What is a School Travel Plan?

Plan for Success

A School Travel Plan is a written document showing how your school community can reduce car journeys to and from school, make journeys safer and encourage more active, sustainable modes of travel such as walking or cycling.

Why do we need a School Travel Plan?

  • It is a way of getting everyone to actually do something about problems such as congestion from school-run traffic.
  • It means more children can get to enjoy the health, social and environmental benefits of walking or cycling to school safely.
  • It gives you all a structure to work to and helps you to realise the progress you are making.


What are the Other Benefits?

  • There are educational benefits; school travel plans can be linked into the curriculum in many ways.
  • They are also used to help achieve Eco School status or Healthy Schools awards. OFSTED inspectors look favourably on schools which are implementing a good school travel plan.
  • The reputation of the school can be greatly enhanced by putting a good, effective travel plan into action.


Who Will Write Our School Travel Plan?

  • It needs to be written by someone within the school such as a senior teacher.
  • However, it is important that they are helped by a team who have a real interest in it and can work together as a group; teachers, teaching assistants, governors, parents, pupils and others.
  • Also ask your local authority School Travel Advisor for help; it is their task to support schools who want to develop a school travel plan so they will be keen to help!


What Goes into a School Travel Plan?

  • Description of the school: Include name of school, type (eg primary, LEA, special needs), size (no of pupils, staff), location (address, rural/urban, catchment area, local road links, public transport), ethos (policies relevant to travel, eco award, healthy schools).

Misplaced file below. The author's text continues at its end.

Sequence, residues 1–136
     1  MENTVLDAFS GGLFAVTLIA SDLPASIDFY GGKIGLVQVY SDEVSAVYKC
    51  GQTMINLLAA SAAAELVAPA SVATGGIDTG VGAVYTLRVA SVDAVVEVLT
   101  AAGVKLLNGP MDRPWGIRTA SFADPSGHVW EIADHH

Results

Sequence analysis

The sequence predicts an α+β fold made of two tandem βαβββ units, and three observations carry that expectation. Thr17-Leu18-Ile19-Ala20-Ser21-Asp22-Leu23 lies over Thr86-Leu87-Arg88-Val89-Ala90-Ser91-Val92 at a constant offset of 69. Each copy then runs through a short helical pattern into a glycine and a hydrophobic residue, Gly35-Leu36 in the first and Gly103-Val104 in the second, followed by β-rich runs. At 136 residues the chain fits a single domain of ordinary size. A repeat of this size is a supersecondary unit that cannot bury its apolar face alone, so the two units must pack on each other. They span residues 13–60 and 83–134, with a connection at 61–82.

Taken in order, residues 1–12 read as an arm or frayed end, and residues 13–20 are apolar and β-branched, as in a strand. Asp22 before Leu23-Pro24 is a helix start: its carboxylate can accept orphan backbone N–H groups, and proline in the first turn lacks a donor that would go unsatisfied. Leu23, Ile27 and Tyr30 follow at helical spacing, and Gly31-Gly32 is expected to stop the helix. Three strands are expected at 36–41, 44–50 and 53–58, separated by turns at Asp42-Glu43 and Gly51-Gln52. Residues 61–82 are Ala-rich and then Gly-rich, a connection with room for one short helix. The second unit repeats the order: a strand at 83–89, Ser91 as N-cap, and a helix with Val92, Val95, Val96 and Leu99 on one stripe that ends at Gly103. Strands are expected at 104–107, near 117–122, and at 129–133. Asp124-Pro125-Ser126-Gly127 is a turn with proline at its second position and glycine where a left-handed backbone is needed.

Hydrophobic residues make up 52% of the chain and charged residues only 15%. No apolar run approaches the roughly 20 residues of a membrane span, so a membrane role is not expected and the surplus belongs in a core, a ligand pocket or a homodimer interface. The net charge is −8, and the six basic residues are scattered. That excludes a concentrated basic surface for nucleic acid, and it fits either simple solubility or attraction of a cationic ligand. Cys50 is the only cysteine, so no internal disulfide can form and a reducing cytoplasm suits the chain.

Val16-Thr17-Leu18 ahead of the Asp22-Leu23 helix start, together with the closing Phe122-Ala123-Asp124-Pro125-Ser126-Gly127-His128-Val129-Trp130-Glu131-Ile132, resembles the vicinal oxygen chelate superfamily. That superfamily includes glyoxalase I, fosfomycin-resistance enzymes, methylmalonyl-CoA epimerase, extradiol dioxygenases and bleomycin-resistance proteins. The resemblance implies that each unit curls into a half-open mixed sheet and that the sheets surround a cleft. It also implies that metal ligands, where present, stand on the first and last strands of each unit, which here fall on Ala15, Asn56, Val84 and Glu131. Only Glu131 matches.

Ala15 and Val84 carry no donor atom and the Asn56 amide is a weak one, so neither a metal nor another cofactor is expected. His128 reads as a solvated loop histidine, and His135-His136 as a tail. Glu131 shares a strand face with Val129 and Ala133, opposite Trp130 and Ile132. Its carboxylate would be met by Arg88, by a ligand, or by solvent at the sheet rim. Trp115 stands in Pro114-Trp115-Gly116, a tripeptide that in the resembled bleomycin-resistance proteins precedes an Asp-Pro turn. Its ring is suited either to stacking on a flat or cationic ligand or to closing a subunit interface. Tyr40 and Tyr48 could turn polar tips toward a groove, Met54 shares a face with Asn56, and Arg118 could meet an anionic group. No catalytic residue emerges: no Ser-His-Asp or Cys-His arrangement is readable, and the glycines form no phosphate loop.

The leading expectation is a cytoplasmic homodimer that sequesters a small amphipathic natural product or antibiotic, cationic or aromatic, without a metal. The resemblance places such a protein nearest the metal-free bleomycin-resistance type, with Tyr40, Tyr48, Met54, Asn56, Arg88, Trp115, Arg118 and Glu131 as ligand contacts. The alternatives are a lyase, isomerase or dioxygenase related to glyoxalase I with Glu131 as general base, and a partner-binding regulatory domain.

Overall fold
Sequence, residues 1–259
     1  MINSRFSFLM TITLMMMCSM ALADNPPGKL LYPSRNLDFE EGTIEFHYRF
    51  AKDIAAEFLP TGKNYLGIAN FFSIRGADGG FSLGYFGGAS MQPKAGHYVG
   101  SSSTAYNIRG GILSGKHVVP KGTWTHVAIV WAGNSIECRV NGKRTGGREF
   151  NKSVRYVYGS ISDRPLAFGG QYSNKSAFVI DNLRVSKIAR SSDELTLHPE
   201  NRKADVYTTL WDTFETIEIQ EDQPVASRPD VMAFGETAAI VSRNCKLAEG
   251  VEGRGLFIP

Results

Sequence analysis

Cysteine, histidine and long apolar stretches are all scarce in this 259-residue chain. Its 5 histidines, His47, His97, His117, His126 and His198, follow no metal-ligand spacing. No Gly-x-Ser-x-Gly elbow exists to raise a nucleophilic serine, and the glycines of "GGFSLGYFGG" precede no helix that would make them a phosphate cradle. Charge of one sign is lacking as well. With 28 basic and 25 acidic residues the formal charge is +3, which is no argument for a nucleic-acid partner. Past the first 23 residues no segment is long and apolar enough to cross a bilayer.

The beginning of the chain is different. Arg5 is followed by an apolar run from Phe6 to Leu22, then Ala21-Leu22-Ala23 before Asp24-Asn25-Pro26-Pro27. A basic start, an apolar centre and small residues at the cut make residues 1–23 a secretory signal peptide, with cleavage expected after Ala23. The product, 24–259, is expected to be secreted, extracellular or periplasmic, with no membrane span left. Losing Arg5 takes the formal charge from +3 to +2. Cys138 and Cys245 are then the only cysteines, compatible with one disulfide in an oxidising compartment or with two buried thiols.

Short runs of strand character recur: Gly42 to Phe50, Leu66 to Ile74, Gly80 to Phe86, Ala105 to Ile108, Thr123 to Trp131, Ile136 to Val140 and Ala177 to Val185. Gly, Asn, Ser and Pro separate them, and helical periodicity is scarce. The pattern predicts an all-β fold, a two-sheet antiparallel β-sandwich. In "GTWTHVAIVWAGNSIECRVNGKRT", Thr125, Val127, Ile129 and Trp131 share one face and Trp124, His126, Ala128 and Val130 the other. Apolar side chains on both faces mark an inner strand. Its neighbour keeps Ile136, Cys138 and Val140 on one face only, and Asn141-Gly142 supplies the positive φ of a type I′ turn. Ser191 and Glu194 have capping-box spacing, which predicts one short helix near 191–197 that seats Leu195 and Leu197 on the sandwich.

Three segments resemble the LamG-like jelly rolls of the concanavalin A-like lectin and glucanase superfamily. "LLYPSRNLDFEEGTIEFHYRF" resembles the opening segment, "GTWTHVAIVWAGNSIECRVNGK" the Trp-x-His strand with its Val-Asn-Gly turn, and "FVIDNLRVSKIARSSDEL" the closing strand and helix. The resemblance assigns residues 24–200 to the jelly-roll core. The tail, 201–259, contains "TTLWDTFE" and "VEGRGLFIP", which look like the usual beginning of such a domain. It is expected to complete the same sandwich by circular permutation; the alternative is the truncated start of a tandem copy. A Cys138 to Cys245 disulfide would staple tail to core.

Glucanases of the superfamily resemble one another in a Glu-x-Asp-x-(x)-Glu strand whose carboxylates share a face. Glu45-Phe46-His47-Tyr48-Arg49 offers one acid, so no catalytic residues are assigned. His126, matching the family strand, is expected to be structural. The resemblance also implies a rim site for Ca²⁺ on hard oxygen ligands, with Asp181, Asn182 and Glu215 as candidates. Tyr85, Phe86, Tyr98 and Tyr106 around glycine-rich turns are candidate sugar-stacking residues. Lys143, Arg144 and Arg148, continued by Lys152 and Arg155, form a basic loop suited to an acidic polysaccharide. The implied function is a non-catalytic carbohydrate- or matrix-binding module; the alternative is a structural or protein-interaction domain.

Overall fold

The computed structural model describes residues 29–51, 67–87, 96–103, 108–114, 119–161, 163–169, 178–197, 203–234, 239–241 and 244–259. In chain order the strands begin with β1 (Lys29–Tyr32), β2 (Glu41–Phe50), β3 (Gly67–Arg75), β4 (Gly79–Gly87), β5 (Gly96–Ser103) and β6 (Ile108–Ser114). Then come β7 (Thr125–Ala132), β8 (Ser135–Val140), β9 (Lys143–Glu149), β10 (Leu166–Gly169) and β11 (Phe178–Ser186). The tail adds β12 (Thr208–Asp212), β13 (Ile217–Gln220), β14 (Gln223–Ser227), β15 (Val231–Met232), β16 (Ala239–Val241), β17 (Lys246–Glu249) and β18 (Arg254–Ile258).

• Information Gathering: find out what your school is already doing, such as cycle training, curriculum links to travel, involvement in events such as walk to school week.
  • Survey: You need to survey others to find out about the current travel situation including problems and possible solutions. This includes how pupils usually travel to school, how they would prefer to travel and what the issues are (eg what is stopping them from walking or cycling).
  • Issues: Once you have identified the main issues and priorities you can decide what you want to achieve. Set yourself clear objectives and then develop your action plan, agreeing who is responsible for different tasks and when they will be completed by.
  • Signatures: The Head teacher and Chair of Governors need to approve and sign off a school travel plan if it is being submitted to the local authority.
  • Progress: If you haven’t already, get going with putting your ideas into practice. Keep an eye on how you are doing by noting your progress and successes. One great way to do this is for the school council to maintain a ‘school travel diary’ with reports on all activities including photos and any press coverage.
    More information: contact you local authority school travel advisor. Sustrans publish a guide on school travel plans and a newsletter with lots of practical ideas.

Case Study:

Riddings Infant School, Derbyshire

Riddings infant school travel plan team

Pupils from Riddings Infant School were awarded Regional School of the Year for their excellent travel plan and the work they have done with it.